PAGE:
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According to Sean Yom, Senior Fellow at the Project on Middle East Democracy based in Washington DC, Kuwait is the most liberalised Arab monarchy with a considerably powerful National Assembly. Though constrained by a royally appointed government, the parliament is chosen through competitive voting, which augers well for the country’s politics. But despite having the most “empowered parliament” in the Gulf, different branches of political governance have reached a kind of impasse in Kuwait. In recent years, there have been frequent confrontations between the executive and the elected branches leading to flash elections. Elections in September 2022 resulted in an opposition-led parliament. Two female candidates emerged victorious- the highest number in a decade.
In March 2023, the results of this election were upended, and the previous parliament was reinstated. In April, the country’s leadership announced the dissolution of this parliament and announced the country’s third election in as many years. On June 6, Kuwait’s seventh general election took place in just over a decade following repeated political crises that have stalled reforms.
Once again, women lost out, with only Jenan Bousheri scoring a win. To get a sense of the people’s mood after the recent political upheavals, Arab Times reached out to locals from various walks of life.
Nejoud Al Yagout – Poet -Activist
The fact of the matter is that I no longer have expectations. None whatsoever. Having said that, though, I still retain hope, albeit false. I hope that the MPs will one day in the near future focus on education, the advancement of knowledge, progression, infrastructure, abolishing articles such as Article 153 and Article 182, protecting the rights and the dignity of women and minorities and children, respecting expatriates, opening the country to tourism, securing freedom of religion and worship for all, and promoting a community which prides itself on egalitarianism and coexistence.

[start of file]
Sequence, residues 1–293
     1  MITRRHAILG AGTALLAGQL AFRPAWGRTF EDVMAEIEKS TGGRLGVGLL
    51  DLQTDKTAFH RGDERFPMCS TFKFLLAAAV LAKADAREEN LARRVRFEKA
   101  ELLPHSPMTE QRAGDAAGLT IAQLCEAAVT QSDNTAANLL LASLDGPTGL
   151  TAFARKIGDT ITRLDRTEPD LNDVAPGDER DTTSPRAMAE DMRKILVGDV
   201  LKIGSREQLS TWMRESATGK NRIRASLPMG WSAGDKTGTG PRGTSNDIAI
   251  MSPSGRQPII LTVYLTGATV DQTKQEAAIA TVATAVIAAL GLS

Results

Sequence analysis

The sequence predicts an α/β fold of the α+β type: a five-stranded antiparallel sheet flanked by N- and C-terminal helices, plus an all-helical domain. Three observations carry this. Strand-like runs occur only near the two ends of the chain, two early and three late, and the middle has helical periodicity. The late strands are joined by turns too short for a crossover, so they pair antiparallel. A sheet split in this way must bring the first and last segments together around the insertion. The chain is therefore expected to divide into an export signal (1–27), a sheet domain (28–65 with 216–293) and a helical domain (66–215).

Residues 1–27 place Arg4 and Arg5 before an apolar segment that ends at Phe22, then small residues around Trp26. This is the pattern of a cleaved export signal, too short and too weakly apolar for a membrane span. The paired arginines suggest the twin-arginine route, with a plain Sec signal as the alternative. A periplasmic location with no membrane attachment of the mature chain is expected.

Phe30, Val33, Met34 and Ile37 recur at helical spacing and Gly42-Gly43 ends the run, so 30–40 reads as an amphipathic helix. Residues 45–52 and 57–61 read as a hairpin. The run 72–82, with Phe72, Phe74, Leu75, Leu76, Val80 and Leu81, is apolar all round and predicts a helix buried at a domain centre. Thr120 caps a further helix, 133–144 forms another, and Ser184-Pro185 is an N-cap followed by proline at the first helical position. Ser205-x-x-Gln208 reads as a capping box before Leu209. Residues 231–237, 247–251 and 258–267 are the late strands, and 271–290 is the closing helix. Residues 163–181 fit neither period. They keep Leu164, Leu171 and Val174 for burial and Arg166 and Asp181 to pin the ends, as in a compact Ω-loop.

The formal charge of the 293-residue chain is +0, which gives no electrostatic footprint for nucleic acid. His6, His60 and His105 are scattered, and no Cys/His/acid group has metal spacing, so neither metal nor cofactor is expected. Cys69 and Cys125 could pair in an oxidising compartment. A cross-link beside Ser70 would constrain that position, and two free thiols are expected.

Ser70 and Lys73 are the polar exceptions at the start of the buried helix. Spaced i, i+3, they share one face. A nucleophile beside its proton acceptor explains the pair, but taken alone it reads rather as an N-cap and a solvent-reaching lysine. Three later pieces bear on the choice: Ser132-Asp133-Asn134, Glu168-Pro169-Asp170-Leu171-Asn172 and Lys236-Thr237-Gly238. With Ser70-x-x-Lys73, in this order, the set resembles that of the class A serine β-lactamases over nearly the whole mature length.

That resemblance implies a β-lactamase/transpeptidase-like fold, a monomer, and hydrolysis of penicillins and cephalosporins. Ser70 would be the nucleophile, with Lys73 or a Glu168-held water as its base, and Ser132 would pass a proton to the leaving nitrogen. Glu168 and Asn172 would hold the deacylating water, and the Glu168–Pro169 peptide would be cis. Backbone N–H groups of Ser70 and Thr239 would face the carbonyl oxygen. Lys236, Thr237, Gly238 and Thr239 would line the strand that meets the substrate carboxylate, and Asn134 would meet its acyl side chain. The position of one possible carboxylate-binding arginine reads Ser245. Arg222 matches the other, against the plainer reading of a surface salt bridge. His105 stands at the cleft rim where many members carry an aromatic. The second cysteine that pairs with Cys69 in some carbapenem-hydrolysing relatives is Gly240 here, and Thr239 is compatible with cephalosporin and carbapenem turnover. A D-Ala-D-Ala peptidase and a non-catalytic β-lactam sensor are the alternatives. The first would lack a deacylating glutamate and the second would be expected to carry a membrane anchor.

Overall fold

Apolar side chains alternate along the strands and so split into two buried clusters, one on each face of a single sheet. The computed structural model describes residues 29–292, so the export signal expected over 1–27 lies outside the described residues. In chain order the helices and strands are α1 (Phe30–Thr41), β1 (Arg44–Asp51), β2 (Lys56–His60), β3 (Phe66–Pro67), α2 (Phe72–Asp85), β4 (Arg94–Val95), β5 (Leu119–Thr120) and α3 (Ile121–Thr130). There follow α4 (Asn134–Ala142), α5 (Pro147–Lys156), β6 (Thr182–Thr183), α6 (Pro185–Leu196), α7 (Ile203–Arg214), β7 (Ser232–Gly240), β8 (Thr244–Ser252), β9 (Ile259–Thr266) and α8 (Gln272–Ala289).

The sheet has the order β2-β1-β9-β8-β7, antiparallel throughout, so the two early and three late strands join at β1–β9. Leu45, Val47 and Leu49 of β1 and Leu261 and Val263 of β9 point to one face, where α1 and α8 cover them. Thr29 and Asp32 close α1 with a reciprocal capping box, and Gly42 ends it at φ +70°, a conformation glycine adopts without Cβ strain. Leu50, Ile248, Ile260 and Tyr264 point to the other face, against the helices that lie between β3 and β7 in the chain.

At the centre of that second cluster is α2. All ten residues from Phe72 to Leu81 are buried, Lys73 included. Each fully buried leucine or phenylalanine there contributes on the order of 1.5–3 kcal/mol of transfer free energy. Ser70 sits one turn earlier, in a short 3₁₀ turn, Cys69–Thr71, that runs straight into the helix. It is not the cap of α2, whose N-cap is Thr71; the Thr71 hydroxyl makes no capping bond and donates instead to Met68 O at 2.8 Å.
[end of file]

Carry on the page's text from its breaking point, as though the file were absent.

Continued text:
Bushra Al Muawed – Retired Banker and Travel Consultant
Unfortunately, the political situation in Kuwait spreads despair and a lack of optimism for the next stage. The many power struggles have made politicians forget their primary role and become preoccupied with their individual efforts. I hope they prove the opposite in these elections, change their attitudes, and pay attention to the state’s real problems and development in all fields.
Shaima Bin Hussein – Entrepreneur and Women’s Rights activist
In all elections, whether for the parliament, municipality, or civil society, we seek what’s best for our country. We need parliamentarians who will improve the educational system and provide justice for women’s rights, including the rights of children of Kuwaiti women. They will ensure our civil liberties, ensure more cultural and sports activities that keep the youth busy and find housing solutions.
Yes, indeed, we voted ten months ago, but we still need to keep the hope and faith that good people can represent us in parliament and ensure the survival of democracy.
Dr Shahd Al Shammari – Assistant Professor of English
I am happy that we have at least one woman in parliament as there is more support after the last elections. I hope to see more positive changes and reforms. There needs to be a focus on disability and disabled women in education and healthcare.
Bashar Al Huneidi – Environmental Activist & Founder of Kayak4Kuwait